For a cheaper alternative to a taxi, a licensed minicab service could be a good option. Minicab operator Addison Lee has a minicab booking application available for iPhone, Android and Windows Phone which works in much the same way as Hailo and GetTaxi.
If you’re driving a private vehicle into Central London, it is worth noting that you may need to pay the Congestion Charge. There is a £10/day charge for driving into the Congestion Charging zone between Monday-Friday 7am and 6pm.
The unofficial Congestion Charge – Map Alert and Pay application (iPhone, free) makes use of GPS technology to notify you when you enter the congestion charging zone. With penalties of £120 for failing to pay the congestion charge, the reminder generated by this application can be incredibly helpful.
If you’re travelling on the railways either inside or outside of London, National Rail Enquires should be your first port of call for train times and service information. National Rail Enquires provides a smartphone-optimised site at http://m.nationalrail.co.uk/ which is free-to-use. The site includes train times, platform numbers, a journey planner, details of where to change and live information on delays and cancellations.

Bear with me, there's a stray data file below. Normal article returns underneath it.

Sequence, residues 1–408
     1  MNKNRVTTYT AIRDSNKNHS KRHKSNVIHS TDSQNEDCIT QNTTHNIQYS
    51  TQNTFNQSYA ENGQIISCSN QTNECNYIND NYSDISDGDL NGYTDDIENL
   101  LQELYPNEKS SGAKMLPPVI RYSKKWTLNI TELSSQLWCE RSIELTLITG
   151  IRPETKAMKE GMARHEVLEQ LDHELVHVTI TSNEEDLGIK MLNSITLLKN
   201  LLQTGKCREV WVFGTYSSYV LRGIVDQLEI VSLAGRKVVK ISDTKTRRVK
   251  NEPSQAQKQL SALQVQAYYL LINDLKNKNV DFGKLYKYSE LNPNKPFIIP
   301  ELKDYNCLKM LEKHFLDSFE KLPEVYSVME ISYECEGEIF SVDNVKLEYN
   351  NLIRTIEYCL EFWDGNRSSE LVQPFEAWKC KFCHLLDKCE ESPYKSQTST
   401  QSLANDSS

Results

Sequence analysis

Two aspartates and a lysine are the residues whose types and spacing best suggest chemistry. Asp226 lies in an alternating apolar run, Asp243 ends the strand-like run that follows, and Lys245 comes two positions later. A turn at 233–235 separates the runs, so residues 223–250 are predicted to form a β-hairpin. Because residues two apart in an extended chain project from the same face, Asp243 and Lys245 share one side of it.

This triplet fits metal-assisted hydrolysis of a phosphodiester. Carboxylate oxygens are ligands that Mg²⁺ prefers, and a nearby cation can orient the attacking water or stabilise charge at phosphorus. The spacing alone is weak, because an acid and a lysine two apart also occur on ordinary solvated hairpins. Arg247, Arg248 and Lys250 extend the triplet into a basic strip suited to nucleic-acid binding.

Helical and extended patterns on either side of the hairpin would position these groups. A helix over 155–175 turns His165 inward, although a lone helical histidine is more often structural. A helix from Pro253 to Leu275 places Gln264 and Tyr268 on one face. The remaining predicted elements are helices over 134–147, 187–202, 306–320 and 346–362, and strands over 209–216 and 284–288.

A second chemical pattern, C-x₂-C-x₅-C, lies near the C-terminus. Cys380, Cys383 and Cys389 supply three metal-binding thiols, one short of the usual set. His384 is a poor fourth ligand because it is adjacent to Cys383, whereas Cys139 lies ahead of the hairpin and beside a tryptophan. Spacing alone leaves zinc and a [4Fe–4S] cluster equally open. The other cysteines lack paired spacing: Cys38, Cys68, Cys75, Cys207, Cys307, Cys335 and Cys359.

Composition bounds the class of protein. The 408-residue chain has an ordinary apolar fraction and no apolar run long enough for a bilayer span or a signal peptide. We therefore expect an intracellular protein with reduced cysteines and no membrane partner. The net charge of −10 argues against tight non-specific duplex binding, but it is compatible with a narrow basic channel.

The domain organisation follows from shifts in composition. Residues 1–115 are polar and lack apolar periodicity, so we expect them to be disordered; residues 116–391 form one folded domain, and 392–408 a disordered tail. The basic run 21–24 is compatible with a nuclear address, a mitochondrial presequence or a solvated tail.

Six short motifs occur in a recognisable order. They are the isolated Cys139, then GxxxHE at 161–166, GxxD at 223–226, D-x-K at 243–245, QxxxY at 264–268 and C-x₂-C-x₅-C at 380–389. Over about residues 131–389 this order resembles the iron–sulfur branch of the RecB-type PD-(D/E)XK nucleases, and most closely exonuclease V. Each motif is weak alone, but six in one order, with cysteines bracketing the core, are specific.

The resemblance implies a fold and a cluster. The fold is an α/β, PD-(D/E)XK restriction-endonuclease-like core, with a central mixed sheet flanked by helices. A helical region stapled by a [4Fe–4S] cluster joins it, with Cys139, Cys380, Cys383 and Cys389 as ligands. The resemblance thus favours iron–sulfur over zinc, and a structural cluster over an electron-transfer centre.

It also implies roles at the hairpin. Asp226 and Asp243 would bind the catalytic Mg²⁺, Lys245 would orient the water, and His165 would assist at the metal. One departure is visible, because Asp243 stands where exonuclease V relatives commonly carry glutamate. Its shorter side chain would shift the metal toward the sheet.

A range of applications will also be available from your smartphone’s application store but more often than not, these applications will cost money. This is because National Rail Enquiries charges application developers for access to their data. One free application that integrates train times is Google Maps for Android. Select the “public transport” option when planning your route to bring up the latest train times.
In this article, we’ve looked at the numerous ways that you can travel around London and how your smartphone can help you get from A-to-B. Regardless of the mode of transport you choose around London, these applications can help you to get around capital with minimal stress and delay. The applications can also help to keep you moving during the disruptions and delays of London 2012.
Are you a Londoner? If so, do you have any top tips or travel advice for getting around the capital? How do you choose to travel around London? Are there any travel applications that you’ve found particularly helpful? Are you expecting there to be significant travel disruption during London 2012? We’d love to hear your thoughts: please drop us a comment below!
You must be a registered user to add a comment here. If you've already registered, please log in. If you haven't registered yet, please register and log in.